First birthday celebrations for Adlington zero waste shop which is helping to clean up the planet
A unique zero waste shop will celebrate its first birthday next month.
The Rail Weigh – a plastic-free refill shop – was launched in Adlington on July 18 last year by Amanda Cross.
Dubbed by Amanda as 'the little pink shop with the big green mission', she says its customers have saved many thousands of pieces of plastic from ending up in landfill or our oceans.
And with next month being Plastic Free July, the 42-year-old businesswoman with a passion for protecting the planet is urging others to think along the same lines.
The shop offers refills for bodycare, cleaning, dog shampoo, ketchup, herbs, dried food, tea. bird seed and lots more.
Customers bring their own bottles and containers which reduces plastic use and the shop also stocks a range of plastic free alternatives to everyday items such as washing up sponges, chewing gum, toothbrushes and lots more.
In addition, it also stock items from local businesses such as candles, cakes, bags and magazines, all in plastic free compostable packaging.
On Friday, July 16, Chorley MP Sir Lindsay Hoyle and the Mayor of Chorley, councillor Steve Holgate are due to visit the shop on Railway Road, when they will chat with Amanda on how the shop has been helping the Adlington community to reduce plastic and its plans post Covid.
Mum-of three Amanda, who lives on the premises after relocating to the area from the Fylde 17 years ago, is delighted with the shop's first year.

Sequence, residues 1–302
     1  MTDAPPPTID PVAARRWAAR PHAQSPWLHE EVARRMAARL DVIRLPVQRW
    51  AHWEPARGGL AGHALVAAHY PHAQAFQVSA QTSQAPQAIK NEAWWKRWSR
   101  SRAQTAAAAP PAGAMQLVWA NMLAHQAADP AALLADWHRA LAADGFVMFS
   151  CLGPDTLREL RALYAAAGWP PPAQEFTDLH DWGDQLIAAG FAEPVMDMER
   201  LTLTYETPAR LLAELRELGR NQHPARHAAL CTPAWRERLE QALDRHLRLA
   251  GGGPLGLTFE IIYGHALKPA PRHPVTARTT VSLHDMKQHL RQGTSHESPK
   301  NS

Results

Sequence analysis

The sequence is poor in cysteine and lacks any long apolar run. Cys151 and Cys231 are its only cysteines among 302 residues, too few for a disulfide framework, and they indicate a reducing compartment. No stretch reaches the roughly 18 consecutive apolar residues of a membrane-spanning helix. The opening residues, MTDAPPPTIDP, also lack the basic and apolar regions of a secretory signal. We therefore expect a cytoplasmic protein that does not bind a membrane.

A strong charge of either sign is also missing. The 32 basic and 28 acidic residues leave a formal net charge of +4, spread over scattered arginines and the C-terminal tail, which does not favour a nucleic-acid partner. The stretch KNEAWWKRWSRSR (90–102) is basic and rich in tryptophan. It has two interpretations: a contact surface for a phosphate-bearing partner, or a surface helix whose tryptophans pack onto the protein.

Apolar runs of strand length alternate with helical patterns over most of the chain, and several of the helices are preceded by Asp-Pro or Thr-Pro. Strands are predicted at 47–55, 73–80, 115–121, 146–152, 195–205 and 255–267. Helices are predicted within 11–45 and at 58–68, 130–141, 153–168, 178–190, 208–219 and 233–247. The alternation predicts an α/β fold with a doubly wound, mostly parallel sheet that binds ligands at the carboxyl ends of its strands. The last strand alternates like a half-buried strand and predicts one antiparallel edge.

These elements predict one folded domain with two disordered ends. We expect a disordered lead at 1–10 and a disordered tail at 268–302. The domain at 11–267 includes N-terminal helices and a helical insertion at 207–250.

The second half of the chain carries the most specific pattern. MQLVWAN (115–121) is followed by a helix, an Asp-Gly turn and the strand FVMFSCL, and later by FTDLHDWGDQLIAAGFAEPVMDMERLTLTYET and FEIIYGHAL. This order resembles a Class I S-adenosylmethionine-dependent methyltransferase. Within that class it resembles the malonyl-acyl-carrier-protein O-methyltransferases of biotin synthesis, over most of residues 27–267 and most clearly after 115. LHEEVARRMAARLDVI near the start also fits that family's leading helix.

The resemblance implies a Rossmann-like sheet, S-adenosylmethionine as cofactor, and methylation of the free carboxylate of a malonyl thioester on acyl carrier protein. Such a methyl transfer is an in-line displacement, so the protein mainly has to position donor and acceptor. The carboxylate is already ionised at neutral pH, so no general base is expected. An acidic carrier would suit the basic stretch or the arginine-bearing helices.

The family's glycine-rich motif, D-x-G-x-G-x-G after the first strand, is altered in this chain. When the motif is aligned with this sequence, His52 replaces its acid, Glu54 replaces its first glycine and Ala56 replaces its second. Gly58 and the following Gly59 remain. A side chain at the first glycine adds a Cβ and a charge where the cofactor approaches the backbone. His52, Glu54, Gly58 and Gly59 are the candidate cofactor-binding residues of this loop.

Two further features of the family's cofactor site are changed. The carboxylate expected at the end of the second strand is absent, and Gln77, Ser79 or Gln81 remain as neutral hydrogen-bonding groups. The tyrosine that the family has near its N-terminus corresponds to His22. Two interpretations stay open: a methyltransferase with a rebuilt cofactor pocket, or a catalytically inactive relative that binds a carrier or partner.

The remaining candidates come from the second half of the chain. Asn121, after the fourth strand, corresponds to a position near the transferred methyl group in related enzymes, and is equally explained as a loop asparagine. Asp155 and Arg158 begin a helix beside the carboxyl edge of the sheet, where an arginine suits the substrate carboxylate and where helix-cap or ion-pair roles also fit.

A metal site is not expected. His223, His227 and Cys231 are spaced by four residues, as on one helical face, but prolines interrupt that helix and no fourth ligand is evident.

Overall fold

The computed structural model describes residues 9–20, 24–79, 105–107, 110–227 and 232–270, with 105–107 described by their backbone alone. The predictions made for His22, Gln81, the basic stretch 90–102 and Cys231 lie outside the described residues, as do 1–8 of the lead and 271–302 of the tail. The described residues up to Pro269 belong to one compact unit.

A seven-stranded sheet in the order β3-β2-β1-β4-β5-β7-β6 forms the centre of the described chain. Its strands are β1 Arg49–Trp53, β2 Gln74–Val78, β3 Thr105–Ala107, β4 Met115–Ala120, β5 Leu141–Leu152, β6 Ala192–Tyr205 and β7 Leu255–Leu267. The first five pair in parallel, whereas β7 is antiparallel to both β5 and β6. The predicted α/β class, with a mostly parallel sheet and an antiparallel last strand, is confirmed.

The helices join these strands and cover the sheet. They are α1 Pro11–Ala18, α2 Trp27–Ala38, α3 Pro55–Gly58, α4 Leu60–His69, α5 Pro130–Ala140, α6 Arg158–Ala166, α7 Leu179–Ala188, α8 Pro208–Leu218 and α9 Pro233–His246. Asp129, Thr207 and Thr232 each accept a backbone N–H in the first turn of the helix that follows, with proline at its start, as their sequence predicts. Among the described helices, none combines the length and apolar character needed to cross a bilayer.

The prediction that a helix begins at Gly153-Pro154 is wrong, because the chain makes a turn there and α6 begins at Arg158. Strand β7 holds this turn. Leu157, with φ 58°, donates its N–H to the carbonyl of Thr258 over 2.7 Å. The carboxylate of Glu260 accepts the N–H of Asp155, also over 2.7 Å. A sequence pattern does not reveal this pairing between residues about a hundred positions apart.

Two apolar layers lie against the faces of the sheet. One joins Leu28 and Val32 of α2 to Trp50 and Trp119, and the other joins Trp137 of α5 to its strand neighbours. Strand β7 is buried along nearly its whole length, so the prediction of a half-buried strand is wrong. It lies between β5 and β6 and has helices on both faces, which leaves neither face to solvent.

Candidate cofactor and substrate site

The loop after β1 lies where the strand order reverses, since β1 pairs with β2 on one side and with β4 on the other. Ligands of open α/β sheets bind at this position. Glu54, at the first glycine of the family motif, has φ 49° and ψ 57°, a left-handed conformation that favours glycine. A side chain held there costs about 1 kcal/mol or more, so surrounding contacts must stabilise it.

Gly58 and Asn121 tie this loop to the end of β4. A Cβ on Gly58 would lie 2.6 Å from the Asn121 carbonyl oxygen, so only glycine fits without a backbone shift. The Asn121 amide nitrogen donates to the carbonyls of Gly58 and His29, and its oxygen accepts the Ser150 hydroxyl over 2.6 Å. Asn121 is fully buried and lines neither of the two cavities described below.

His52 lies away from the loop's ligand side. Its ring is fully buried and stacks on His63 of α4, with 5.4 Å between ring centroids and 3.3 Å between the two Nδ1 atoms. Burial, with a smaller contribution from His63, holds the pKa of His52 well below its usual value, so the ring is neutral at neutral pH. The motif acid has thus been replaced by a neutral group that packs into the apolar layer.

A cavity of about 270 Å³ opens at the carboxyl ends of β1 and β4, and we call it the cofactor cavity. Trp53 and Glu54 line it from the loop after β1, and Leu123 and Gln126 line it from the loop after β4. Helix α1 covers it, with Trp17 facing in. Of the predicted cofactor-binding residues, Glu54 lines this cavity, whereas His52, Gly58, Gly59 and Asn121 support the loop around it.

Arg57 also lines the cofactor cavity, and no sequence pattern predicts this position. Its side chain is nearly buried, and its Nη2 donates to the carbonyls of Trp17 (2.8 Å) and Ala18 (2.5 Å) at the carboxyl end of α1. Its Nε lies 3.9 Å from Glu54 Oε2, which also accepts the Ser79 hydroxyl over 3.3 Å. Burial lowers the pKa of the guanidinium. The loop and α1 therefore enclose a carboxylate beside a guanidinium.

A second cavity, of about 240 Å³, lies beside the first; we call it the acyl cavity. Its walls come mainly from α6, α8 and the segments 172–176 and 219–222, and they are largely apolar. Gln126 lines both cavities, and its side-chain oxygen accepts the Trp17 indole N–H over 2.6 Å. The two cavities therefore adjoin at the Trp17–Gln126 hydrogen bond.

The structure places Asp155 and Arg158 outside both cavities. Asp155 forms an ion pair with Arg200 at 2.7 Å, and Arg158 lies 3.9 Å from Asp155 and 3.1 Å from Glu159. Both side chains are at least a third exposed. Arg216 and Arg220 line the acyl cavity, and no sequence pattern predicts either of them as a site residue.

"It's gone better than we ever dreamed possible, really," she said.
"People have been coming in and it's just carried on. It's just been absolutely brilliant. We absolutely love being in the community.
"The community have really got on board with the plastic. We've only closed for two days in all the time we've been open."
Amanda added: "We're increasing our range all the time - it's a tiny little shop but we've packed it all in."
In a business plan supporting her application to Chorley Council for her proposed new shop, she stated: “There is a huge gap in the market for an affordable zero waste shop.”
She added: “We have done extensive market research and there are no zero waste shops currently trading with the needs we have identified.”
She pointed out to the council, too, that: “Chorley is currently 20 per cent below similar local authorities on household waste targets and we want to be a factor in aiming to improve this statistic and go even further to help the council reach a target of zero waste by 2030.”
Amanda also plans to work with the local community, raising awareness of climate change issues by offering lessons and talks to local schools and community groups
Amanda said: “I became aware of the needs to reduce the affects of climate change a couple of years ago now. I was working in a shop and thought now’s the time to raise awareness of climate change and plastic free.”
Plastic Free July is a global movement that helps millions of people be part of the solution to plastic pollution – so we can have cleaner streets, oceans, and beautiful communities.
For more information visit https://www.plasticfreejuly.org/